Applicant believes that it has developed a superior protective cover for sewer clean-out lines which is not only lighter in weight, less costly, but also ensures superior protection to the termination point of the sewer clean-out line and greatly improves the aesthetic appearance associated with such clean-out lines. In addition, Applicant's protective cover meets the loading requirements of the U.S. Department of Transportation should it be positioned where it would be subject to vehicular traffic.

OBJECTS OF THE INVENTION

An object of the present invention is to provide for a novel protective cover for sewer clean-out lines which provides for a more aesthetic appearance and allows the termination point of the sewer clean-out line to be positioned beneath the surface of the earth.

A still further object of the present invention is to provide for a novel protective cover for a sewer clean-out line which maintains the termination point of the sewer clean-out line within an easy access casing with no debris positioned thereabout thus requiring excavation to gain access to the protective cover for the sewer clean-out line.

A still further object of the present invention is to provide for a novel protective cover for a sewer clean-out line which is self leveling and which will not sink beneath the surface of the earth, thus preventing access to the sewer clean-out line.

A still further object of the present invention is to provide for a novel protective cover for a sewer clean-out line which may be assembled in the field and which greatly reduces the weight associated with such a protective cover for sewer clean-out lines.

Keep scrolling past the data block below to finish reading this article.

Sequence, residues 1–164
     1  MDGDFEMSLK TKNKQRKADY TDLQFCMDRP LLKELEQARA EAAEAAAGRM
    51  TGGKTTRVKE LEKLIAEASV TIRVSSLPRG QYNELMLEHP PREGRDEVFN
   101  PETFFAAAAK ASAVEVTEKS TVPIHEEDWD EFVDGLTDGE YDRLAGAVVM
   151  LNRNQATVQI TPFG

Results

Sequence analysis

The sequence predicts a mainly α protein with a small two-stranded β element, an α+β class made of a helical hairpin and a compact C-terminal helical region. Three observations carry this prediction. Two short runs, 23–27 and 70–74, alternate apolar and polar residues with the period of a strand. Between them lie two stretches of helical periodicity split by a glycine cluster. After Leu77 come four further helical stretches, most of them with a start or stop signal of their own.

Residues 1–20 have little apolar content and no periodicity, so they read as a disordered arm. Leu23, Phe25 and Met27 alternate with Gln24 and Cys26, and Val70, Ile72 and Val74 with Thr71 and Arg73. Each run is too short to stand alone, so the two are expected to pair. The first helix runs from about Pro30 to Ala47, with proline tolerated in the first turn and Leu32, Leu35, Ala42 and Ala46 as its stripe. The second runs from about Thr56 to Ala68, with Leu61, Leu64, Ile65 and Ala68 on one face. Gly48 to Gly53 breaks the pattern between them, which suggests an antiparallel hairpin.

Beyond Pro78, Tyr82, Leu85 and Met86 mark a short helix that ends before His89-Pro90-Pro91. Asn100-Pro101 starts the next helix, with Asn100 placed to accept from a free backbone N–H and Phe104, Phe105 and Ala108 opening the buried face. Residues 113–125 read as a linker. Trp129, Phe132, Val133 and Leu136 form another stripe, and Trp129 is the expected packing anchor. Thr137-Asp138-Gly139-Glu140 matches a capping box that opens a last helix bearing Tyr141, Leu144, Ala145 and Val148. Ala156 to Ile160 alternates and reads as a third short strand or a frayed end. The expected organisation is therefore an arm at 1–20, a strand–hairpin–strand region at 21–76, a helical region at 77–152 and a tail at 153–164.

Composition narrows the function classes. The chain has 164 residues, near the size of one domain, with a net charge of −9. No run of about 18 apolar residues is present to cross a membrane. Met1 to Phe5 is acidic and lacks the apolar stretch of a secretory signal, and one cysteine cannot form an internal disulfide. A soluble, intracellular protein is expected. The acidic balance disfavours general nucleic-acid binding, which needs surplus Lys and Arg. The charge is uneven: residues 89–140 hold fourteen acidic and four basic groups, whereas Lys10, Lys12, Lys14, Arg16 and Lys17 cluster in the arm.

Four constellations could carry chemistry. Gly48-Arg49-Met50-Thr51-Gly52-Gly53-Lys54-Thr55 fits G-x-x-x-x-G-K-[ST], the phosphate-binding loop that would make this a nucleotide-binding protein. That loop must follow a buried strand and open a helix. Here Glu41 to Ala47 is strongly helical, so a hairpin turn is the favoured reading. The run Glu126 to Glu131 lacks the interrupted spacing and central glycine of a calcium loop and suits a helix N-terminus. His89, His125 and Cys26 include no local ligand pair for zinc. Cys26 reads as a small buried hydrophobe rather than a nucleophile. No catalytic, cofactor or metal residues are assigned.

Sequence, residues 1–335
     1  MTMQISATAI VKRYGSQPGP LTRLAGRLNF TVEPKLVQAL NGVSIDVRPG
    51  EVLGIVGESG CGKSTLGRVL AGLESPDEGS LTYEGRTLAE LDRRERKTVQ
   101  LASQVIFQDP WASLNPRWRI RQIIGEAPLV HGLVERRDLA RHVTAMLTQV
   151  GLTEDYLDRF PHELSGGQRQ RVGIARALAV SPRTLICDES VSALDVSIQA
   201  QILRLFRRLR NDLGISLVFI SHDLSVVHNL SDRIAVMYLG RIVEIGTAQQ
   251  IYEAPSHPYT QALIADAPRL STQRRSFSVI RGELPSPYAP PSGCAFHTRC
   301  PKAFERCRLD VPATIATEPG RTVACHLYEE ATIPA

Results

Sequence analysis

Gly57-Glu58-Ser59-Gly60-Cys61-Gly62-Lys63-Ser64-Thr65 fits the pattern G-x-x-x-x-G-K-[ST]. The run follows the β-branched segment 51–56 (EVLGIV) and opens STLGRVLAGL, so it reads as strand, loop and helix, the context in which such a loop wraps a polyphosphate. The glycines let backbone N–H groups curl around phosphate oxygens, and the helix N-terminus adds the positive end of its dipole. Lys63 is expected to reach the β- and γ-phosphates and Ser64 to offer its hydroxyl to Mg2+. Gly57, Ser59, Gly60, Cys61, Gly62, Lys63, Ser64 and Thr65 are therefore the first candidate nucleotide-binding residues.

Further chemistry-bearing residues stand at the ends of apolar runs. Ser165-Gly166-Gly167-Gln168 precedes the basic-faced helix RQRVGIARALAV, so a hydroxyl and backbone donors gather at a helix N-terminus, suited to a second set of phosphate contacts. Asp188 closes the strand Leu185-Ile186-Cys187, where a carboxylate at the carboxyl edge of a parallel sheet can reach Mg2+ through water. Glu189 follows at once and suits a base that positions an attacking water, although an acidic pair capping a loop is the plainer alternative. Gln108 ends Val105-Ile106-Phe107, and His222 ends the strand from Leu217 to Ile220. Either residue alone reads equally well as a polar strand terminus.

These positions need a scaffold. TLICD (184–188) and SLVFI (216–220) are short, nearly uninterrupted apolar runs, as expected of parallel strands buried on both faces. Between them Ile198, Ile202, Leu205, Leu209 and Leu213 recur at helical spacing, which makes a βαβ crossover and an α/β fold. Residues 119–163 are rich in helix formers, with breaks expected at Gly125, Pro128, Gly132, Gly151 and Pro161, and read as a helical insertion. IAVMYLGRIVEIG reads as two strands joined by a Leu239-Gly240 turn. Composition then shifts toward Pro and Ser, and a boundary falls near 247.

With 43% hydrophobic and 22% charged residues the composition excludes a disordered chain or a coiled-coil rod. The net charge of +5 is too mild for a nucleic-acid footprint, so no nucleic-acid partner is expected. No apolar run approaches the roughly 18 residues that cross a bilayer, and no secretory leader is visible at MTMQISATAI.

SUMMARY OF THE INVENTION

A protective cover for sewer clean-out lines, the protective cover having a collar and cover dimensioned so as to permit access to the termination point of a sewer clean-out line, the collar having a depending cylindrical skirt having a divergent taper from the collar downwardly, a second member comprised of ABS plastic or the like, being generally cylindrical in nature, and flared at its lower end, and engageable in the cylindrical depending skirt of the collar and friction fit within by means of an annular indent in the cylindrical skirt positioned beneath protruding stops in the cylindrical skirt.

BRIEF DESCRIPTION OF THE DRAWINGS

These and other objects of the presents invention will become evident, particularly when taken in light of the following illustration wherein:

FIG. 1 is a side elevational side partial cutaway view of the prior art in conjunction with a sewer clean-out line;

FIG. 2 is a side elevational exploded view of the protective housing of Applicant's invention; and

DETAILED DESCRIPTION OF THE DRAWINGS

FIG. 1 is illustrative of the relationship between a sewer clean-out line and the actual sewer and FIG. 1 also illustrates by means of a cross-sectional, side elevational view, the present state of the prior art utilized to protect the terminal end of the sewer clean-out line.

In a typical construction, a sewer line 10 runs from a dwelling unit or building to a street or interceptor sewer. Sewage typically travels under gravitational flow in such a situation and the sewer line 10 is normally positioned several feet below the surface of the earth 12. The sewer line 10 would normally have a sewer clean-out line 14 positioned along its length between the building and the interceptor or street sewer. The sewer clean-out line 14 allows access to the sewer line 10 in order to insert cleaning apparatus to remove blockages, plugs or vegetation roots which have invaded the sewer line 10. Clean-out line 14 would intersect sewer line 14 at either end angled or T-intercept 16. In past practice, upper end 18 of clean-out line 14 would extend above the surface of the earth 12 and have a removably securable cap 20 affixed thereto. As stated previously, it has become the desire to protect the upper end 18 of sewer clean-out line 14 by having this terminal end positioned below the surface of the earth 12 so as to prevent vandalism or accidents which would damage the closure 20 and thus release sewer gases or allow the ingress of material which could deleteriously affect sewer line 10.